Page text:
US, Japan fail to get deal on American troop moves
WASHINGTON, Apr 6 (Reuters) The United States and Japan wrapped up two days of meetings without concluding a deal on a sweeping reorganization of 50,000 US troops in Japan and dividing the cost of moving 8,000 Marines to Guam, the Pentagon said today.
''The implementation agreements were not finalized,'' said Lt. Col. Brian Maka, a Pentagon spokesman.
Maka said the talks ended yesterday and more talks will take place in the future, but the time and place had not been decided. He would not indicate whether progress was made.
The two allies reached a broad agreement on the reorganization plan in October but have been unable to hammer out the details.
The Japanese and US governments are divided over how much Japan should pay toward moving 8,000 Marines from Okinawa to the US territory of Guam, a key part of the reorganization plan.
The United States has proposed that Japan pay 75 per cent of the 10 billion dollars it estimates is needed to move the Marines.
Japan, with huge state debts, wants to reduce the total cost as well as its share of the burden and provide at least some of the funds in the form of loans.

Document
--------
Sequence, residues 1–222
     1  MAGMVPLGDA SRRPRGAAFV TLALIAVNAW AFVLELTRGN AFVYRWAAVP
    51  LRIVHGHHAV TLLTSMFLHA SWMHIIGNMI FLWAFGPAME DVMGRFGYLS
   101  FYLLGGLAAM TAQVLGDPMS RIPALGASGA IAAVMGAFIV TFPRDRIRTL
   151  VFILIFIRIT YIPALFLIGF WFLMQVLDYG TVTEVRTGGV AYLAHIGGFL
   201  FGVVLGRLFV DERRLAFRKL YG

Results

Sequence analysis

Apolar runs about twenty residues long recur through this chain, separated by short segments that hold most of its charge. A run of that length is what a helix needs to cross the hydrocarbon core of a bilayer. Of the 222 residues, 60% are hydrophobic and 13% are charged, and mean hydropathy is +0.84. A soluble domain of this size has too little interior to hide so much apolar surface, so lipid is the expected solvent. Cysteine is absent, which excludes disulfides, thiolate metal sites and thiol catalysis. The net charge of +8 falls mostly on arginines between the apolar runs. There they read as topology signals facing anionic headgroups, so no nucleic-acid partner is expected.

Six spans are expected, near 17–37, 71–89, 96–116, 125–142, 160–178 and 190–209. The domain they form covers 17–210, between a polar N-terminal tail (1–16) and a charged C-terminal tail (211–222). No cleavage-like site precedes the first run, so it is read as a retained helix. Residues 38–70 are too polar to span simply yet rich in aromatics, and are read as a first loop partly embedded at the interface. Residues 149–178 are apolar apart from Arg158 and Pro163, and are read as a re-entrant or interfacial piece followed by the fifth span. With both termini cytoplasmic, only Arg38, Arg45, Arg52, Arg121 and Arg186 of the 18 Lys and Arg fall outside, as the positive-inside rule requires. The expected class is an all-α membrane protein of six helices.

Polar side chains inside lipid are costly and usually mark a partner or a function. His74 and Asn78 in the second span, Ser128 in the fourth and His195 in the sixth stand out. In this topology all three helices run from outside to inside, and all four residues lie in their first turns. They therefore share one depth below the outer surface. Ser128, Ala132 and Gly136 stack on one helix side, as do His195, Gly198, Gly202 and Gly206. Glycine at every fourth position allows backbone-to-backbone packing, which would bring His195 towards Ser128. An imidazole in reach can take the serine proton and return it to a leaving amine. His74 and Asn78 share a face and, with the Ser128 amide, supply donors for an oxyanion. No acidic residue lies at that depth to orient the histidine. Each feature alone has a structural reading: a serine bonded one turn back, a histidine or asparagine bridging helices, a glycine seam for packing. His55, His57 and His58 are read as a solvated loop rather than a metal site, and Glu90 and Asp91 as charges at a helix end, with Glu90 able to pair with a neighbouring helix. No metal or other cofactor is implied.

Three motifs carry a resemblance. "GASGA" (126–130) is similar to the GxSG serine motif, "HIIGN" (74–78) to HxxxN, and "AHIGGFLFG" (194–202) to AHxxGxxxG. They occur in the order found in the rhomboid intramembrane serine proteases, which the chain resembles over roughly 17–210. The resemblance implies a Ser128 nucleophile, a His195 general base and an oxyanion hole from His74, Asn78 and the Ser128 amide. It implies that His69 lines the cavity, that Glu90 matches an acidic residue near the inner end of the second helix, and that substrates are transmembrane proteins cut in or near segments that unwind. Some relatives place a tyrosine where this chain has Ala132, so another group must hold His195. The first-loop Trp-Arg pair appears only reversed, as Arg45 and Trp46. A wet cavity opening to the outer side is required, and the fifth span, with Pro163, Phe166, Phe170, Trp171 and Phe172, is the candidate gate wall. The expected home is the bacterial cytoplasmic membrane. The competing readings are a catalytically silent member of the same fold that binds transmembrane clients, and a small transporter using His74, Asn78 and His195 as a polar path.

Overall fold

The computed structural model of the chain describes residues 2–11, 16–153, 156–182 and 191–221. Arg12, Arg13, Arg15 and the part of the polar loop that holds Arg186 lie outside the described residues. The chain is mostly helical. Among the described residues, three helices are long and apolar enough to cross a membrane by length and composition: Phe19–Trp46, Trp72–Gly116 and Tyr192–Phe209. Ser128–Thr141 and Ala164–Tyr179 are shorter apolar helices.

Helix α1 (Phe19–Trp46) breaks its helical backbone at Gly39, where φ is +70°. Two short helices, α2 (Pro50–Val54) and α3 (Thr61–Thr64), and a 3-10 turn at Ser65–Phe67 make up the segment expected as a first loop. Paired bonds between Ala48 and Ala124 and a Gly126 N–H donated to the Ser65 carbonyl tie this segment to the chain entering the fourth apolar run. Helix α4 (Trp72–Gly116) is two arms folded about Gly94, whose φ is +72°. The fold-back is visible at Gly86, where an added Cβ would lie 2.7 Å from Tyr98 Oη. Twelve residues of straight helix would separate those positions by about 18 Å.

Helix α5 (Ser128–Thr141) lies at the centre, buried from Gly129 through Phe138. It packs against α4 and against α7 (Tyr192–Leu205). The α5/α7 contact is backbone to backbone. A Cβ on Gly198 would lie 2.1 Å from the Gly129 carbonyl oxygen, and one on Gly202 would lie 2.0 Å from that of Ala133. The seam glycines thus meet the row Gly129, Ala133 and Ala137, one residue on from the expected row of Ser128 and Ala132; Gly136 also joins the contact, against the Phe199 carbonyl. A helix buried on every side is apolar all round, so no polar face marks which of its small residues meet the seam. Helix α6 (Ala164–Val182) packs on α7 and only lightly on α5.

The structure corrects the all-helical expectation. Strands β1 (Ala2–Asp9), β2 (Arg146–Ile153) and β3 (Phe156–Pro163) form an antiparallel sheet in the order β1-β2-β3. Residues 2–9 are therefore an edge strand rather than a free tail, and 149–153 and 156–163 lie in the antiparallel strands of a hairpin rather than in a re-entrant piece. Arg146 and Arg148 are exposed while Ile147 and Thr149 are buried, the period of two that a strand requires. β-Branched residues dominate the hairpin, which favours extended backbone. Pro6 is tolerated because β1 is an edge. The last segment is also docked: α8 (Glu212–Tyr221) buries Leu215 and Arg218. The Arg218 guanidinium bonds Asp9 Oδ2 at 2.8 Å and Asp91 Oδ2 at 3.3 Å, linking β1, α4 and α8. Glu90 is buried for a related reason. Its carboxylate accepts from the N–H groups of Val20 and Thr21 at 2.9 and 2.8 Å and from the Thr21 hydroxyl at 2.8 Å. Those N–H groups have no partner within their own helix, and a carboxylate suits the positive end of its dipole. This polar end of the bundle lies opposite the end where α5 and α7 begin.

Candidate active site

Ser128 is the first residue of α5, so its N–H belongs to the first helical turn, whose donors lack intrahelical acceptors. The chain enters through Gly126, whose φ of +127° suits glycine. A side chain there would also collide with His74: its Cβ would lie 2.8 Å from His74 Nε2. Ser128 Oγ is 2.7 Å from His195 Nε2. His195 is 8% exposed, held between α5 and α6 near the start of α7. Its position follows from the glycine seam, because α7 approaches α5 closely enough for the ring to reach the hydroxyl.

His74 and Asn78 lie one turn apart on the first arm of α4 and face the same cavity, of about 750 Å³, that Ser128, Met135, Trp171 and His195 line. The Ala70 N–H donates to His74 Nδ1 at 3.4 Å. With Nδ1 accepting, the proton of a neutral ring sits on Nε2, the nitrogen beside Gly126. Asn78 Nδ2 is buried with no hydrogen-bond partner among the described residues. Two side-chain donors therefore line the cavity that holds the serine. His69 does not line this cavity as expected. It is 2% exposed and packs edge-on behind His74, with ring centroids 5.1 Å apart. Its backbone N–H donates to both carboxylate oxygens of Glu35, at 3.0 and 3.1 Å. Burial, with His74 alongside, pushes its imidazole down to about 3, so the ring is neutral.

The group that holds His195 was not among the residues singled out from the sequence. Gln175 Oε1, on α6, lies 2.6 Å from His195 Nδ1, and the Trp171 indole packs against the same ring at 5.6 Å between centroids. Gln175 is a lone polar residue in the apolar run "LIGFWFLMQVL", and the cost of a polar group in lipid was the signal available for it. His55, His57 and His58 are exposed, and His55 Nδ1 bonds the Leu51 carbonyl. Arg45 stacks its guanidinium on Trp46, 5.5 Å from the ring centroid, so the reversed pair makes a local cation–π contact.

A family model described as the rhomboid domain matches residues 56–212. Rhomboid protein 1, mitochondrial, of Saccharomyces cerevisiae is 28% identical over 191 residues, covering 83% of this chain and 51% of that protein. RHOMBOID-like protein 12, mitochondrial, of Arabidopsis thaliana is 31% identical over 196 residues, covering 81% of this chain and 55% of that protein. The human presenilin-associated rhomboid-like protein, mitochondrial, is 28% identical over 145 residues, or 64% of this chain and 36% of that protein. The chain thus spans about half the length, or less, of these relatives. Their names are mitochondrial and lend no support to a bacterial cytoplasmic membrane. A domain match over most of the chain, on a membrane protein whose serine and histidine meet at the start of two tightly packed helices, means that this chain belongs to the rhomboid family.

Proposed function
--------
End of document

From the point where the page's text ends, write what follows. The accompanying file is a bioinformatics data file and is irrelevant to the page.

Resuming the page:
US and Japanese officials have agreed to close the Marines' Futenma air base in a crowded part of Okinawa and replace it with a new base near the rural city of Nago.
The plan faces opposition from locals worried about noise, crime and the environment, and resentful of Okinawa's heavy burden under the US-Japan security alliance.
Japan and the United States missed a March 31 deadline to wrap up the realignment package, which includes steps to more closely integrate their forces and is part of Washington's effort to transform its military globally to meet modern threats.
Japan is now turning up the heat on Okinawa to accept the Futenma relocation plan. But activists vow to block creation of a new base, which is also opposed by Okinawa's governor and the mayor of Nago.
Reuters PG VP0145